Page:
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N2 - Electrical stimulation of neural tissue and recording of neural activity are the bases of emerging prostheses and treatments for spinal cord injury, stroke, sensory deficits, and drug-resistant neurological disorders. Safety and efficacy are key aspects for the clinical acceptance of therapeutic neural stimulators. The cortical vasculature has been shown to be a safe site for implantation of electrodes for chronically recording neural activity, requiring no craniotomy to access high-bandwidth, intracranial EEG. This work presents the first characterization of endovascular cortical stimulation measured using cortical subdural surface recordings. Visual stimulation was used to verify electrode viability and cortical activation was compared with electrically evoked activity. Due to direct activation of the neural tissue, the latency of responses to electrical stimulation was shorter than for that of visual stimulation. We also found that the center of neural activation was different for visual and electrical stimulation indicating an ability of the stentrode to provide localized activation of neural tissue.

AB - Electrical stimulation of neural tissue and recording of neural activity are the bases of emerging prostheses and treatments for spinal cord injury, stroke, sensory deficits, and drug-resistant neurological disorders. Safety and efficacy are key aspects for the clinical acceptance of therapeutic neural stimulators. The cortical vasculature has been shown to be a safe site for implantation of electrodes for chronically recording neural activity, requiring no craniotomy to access high-bandwidth, intracranial EEG. This work presents the first characterization of endovascular cortical stimulation measured using cortical subdural surface recordings. Visual stimulation was used to verify electrode viability and cortical activation was compared with electrically evoked activity. Due to direct activation of the neural tissue, the latency of responses to electrical stimulation was shorter than for that of visual stimulation. We also found that the center of neural activation was different for visual and electrical stimulation indicating an ability of the stentrode to provide localized activation of neural tissue.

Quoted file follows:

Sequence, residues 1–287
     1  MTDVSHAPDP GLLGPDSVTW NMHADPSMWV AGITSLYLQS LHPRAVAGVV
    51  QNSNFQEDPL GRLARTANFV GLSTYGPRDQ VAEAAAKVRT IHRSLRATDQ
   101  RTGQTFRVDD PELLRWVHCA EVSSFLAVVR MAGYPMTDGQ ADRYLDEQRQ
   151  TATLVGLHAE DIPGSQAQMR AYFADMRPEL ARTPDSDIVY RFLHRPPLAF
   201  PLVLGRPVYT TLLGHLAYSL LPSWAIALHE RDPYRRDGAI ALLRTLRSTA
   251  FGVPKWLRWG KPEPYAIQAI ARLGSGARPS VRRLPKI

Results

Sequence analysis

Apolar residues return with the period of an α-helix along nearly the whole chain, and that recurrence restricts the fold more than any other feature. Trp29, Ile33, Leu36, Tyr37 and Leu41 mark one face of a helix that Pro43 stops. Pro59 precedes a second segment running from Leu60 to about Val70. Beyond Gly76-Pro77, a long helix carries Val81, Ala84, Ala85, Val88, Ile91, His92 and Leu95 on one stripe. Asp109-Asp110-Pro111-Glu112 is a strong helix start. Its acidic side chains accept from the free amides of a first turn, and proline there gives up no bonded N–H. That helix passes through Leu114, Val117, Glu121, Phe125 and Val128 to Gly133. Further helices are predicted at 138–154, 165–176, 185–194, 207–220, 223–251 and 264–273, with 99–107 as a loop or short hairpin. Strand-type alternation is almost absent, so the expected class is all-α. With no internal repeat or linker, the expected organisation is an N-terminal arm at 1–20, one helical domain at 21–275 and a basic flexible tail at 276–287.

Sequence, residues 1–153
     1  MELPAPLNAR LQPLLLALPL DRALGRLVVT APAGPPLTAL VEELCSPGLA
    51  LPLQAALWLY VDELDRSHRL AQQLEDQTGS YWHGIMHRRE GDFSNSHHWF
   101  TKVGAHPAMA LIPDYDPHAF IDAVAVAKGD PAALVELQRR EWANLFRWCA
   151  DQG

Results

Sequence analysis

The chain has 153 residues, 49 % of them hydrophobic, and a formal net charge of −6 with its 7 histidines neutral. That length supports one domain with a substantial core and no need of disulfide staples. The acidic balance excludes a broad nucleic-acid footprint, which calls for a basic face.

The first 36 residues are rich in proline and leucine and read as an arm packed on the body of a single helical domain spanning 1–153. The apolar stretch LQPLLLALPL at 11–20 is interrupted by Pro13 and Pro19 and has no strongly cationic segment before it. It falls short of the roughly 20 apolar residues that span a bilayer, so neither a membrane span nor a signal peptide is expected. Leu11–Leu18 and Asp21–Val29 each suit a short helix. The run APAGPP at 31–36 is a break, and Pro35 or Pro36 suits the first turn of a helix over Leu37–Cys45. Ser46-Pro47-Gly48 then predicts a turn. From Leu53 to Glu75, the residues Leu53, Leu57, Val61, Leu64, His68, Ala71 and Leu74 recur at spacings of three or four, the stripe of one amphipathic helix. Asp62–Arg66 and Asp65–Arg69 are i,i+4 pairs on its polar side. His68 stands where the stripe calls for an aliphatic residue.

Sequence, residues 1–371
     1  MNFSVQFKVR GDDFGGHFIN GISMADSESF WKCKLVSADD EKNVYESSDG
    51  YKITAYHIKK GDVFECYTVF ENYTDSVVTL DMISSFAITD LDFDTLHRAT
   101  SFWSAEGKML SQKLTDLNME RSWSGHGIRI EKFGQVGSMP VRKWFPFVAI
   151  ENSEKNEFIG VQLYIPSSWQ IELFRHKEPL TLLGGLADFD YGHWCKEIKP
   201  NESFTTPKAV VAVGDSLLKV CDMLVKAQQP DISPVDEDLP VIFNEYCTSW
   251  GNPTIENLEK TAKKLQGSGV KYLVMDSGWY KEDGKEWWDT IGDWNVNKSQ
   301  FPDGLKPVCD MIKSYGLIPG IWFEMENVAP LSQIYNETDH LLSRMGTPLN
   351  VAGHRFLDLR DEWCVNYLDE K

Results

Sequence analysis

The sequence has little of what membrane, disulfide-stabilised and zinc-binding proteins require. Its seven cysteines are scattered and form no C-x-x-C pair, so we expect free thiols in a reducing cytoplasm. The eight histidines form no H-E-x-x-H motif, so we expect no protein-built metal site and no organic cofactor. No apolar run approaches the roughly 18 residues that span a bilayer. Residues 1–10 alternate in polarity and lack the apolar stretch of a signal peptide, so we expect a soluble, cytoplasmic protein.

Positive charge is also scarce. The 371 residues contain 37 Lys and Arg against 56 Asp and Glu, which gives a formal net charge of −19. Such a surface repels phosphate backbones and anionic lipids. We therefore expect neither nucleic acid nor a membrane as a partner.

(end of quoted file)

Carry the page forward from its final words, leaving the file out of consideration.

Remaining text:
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BT - 40th Annual International Conference of the IEEE Engineering in Medicine and Biology Society

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PB - IEEE, Institute of Electrical and Electronics Engineers

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Gerboni G, John SE, Ronayne SM, Rind GS, May CN, Oxley TJ et al. Cortical brain stimulation with endovascular electrodes. In Suaning G, Dossel O, editors, 40th Annual International Conference of the IEEE Engineering in Medicine and Biology Society. Danvers MA USA: IEEE, Institute of Electrical and Electronics Engineers. 2018. p. 3088-3091 https://doi.org/10.1109/EMBC.2018.8512971